I feel we are at a crossroads now. All the pieces are coming together. Briggs will be identified, the dossier discovered, Hawk will know where to find Dale and Dale himself is starting to find his true self. Just a few more steps Dougie! You can do it! Bring back those memories!
But there’s a long road ahead and many battles to be fought with some seriously sinister characters. We still don’t know who the billionaire box keeper is. Who is Todd’s boss? Are they one and the same? Where and who is Phillip Jeffries? and why is he working with Doppelcooper? Has Jeffries turned evil, consumed by the power and glory of the Black Lodge or is he still really working undercover with Albert? Who is the Charcoal Man? Will we see him again? Does he have a part to play in this mystery?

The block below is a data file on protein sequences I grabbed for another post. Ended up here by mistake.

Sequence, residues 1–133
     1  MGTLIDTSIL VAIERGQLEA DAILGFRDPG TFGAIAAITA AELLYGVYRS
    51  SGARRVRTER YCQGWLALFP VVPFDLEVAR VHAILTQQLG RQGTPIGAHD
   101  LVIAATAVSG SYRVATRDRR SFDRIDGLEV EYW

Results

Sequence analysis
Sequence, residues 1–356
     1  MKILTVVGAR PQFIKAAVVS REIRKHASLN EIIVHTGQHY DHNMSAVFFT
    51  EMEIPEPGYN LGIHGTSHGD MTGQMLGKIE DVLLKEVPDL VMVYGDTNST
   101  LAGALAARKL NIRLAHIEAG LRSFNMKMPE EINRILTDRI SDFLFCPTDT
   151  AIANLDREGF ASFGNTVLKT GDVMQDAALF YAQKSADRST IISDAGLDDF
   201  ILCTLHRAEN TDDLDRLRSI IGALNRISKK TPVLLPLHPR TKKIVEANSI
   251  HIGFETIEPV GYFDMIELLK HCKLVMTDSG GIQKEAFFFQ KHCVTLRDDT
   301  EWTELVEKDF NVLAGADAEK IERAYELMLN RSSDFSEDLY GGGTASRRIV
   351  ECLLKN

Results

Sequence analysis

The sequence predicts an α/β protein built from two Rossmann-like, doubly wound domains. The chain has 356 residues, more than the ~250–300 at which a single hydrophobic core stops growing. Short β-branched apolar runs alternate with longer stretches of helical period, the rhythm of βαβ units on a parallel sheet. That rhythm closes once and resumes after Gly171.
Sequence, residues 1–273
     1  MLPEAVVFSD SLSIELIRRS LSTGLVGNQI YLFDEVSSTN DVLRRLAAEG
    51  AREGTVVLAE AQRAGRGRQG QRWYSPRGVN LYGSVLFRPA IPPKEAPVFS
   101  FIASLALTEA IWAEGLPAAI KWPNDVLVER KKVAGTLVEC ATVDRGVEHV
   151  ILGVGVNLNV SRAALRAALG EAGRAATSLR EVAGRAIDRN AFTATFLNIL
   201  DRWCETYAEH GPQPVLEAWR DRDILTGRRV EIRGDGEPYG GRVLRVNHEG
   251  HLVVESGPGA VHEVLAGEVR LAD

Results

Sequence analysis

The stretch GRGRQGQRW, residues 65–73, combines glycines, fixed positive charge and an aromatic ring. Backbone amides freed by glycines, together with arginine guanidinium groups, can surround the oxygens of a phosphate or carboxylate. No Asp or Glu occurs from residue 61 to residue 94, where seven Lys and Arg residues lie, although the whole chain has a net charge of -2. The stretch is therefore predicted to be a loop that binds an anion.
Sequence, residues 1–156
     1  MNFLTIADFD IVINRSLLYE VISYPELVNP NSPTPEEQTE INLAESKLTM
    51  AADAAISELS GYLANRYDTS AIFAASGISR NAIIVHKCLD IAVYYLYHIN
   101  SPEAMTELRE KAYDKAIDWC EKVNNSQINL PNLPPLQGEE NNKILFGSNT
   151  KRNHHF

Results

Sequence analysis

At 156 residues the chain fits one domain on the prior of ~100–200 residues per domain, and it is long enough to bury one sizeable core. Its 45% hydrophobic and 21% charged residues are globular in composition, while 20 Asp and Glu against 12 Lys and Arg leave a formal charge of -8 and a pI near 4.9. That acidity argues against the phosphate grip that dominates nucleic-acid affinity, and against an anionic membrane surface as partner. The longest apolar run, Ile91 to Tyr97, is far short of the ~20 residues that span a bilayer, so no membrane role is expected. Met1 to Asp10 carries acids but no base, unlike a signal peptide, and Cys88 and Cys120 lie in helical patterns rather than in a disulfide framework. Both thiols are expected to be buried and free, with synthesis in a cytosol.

There is a lot more to ponder, and a perhaps next week we will have a few more answers. Not forgetting that after 27 years of mystery we have finally met the stunning Diane. What a glorious revelation that was! Even if it was widely speculated beforehand, seeing her in the flesh was a wondrous moment. She’s everything we wanted her to be and more. Diane is the key to unlocking the true Dale Cooper from his entrapment, but will she get there on time to save him?
I hope to have a few more next Wednesday! Until then…
All images courtesy of Showtime/CBS unless stated otherwise